After reading this article you will learn about eight main precautions that should be taken while using a compass. Also learn about the sources of error in compass work.

1. The glass cover of the compass box gets charged with electricity when dusted off with a handkerchief or by the influence of electric charge in the atmosphere. Consequently, the needle adheres to the glass. This may be avoided by applying a moist finger or cloth to the glass.

2. To avoid local attraction, nothing made of iron or steel such as bunch of keys, iron-buttons etc. should be carried by the surveyor. The instrument should not, as far as possible, be set up near telegraph poles, rails, other steel structures and currents carrying wires etc.

3. Set up and level the compass properly.


4. Stop the vibrations of the needle by gently pressing the brake-pin so that it may come to rest soon.

5. Always look along the needle and not across it, thus avoiding parallax. In Surveyor’s compass always read the north end of the needle.

6. For important lines, take duplicate readings at each station. After having taken the first reading, displace the needle and take the second reading and then take the mean of the two.

7. To detect local attraction, take fore and back bearings of the lines.


8. The pivot sharp edge should be protected by keeping the needle off the pivot when compass is not in use or when it is shifted from one station to another.

The compass should be tested and adjusted as explained below before putting it to use:

1. When the compass is levelled the needle or compass ring should be horizontal, if not, slide the rider on the higher end of the needle to make it horizontal.

2. The needle in the compass should be straight and the pivot should be at the centre of the graduated circle. To test this, read two or three sets of the end readings of the needle.


The difference for each set shall be exactly 180° for the needle being straight and pivot in the centres, otherwise, there may be any of the following two cases:

(i) The difference being constant for all sets.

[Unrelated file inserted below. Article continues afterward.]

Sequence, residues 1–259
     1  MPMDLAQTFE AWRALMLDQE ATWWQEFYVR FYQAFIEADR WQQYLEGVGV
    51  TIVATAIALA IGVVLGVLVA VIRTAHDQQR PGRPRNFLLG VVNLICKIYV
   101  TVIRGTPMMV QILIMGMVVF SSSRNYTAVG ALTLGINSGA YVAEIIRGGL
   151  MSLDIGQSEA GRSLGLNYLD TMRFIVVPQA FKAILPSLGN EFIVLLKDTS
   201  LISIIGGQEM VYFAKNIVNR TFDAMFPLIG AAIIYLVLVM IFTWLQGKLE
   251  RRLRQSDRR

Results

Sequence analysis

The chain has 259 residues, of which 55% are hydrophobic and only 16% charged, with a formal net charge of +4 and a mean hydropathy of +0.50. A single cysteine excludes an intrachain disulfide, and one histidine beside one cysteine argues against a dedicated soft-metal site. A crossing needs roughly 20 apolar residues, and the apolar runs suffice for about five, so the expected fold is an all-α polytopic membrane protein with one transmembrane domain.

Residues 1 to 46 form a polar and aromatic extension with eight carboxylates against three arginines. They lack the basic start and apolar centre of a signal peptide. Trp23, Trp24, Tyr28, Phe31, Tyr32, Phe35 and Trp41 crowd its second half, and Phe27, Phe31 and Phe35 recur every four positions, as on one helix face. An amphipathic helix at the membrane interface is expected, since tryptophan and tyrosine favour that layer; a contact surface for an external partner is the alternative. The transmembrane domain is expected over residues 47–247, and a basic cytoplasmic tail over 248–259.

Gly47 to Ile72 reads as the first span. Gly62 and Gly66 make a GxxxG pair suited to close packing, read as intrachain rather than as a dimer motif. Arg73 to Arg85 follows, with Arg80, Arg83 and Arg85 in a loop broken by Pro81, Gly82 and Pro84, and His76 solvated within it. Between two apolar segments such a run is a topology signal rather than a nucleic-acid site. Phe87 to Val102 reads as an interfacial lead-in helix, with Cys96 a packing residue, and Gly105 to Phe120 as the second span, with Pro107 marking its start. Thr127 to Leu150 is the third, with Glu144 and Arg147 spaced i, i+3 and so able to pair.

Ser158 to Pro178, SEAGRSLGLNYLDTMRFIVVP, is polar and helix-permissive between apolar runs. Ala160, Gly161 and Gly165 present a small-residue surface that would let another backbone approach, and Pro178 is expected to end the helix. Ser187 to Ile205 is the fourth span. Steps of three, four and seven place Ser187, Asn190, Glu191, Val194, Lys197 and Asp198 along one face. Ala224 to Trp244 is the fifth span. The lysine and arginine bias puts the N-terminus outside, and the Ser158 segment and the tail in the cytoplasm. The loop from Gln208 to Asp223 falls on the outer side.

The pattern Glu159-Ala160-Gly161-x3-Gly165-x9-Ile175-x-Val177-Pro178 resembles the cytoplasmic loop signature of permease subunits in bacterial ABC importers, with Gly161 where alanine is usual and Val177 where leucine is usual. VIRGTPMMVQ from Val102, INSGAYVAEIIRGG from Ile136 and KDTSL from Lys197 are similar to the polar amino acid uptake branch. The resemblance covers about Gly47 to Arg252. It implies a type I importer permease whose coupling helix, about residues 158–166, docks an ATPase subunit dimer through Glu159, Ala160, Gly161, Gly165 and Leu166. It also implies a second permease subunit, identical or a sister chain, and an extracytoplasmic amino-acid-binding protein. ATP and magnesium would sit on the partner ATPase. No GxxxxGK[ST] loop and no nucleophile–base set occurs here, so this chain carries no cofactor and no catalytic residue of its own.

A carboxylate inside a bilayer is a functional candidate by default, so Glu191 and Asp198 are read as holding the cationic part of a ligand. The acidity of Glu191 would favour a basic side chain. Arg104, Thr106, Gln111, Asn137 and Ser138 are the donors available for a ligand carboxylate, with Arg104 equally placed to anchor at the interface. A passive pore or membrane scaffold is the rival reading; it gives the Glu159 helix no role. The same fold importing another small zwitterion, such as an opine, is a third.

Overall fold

(ii) The difference not being constant for all sets.

In the first case, the pivot is in the centre, only bend the needle straight. But in the second case, the correction is made by bending the pivot as well as by straightening the needle.


3. The needle should be sensitive so that it may not come to rest in a direction other than the magnetic meridian. To ascertain if the needle is sluggish, take reading in any position of the needle being in rest. Then displace the needle by bringing near it a piece of steel or bunch of keys etc. and let it come to rest and then again take the reading.

The reading will be the same if there is no friction on the pivot and the needle is not sluggish. If reading is not the same, then the pivot-point should be sharpened by a fine oil­stone and the needle should be remagnetised by a bar magnet.

4. To find if the sights are vertical when the compass is levelled, suspend a plumb-line in front of the compass and sight it. If the sights are vertical, the eye-vane, the object-vane, and the string will be parallel and in the same vertical line. If not, then either file one side of the bottom of the vane where it rests on the plate or insert a paper packing. Repeat the test and adjustment until the error is eliminated.

5. To see if the sights are fixed diametrically opposite to each other, stretch a fine horse-hair between the sights. It will pass over the N and S marks (zeros if the sights are fixed exactly opposite to each other).


6. To detect if there be any error due to careless working or external influence, take the fore and back bearings of a line. These will differ exactly by 180° if the work is correct and there is no external influence.

Sources of Error in Compass Work:

The errors may be due to faulty instruments or bad observations or natural and other causes and accordingly they are classified as follows:

1. Instrumental Errors:

(i) The needle not being perfectly straight.

(ii) The needle being sluggish either by having lost its magnetism or due to dip, or friction on the pivot-point.

(iii) The pivot not being in the centre of the graduated ring.

(iv) The graduated ring not being horizontal.

(v) The sight vanes not being truly vertical.

(vi) The line of sight not passing through the centre of the graduated circle.

(vii) The horse hair being too thick or loose.

2. Observational or Personal Errors:

(i) Inaccurate centering of the compass over the station-point.

(ii) Inaccurate levelling of the compass.

{iii) Imperfect bisection of the object sighted.

(iv) Carelessness in reading and booking of the bearings.

3. Errors Due to External Influences:

(i) Local attraction due to presence of magnetic substances nearby the compass.

(ii) Magnetic changes in the atmosphere.

(iii) Regular and irregular magnetic variations.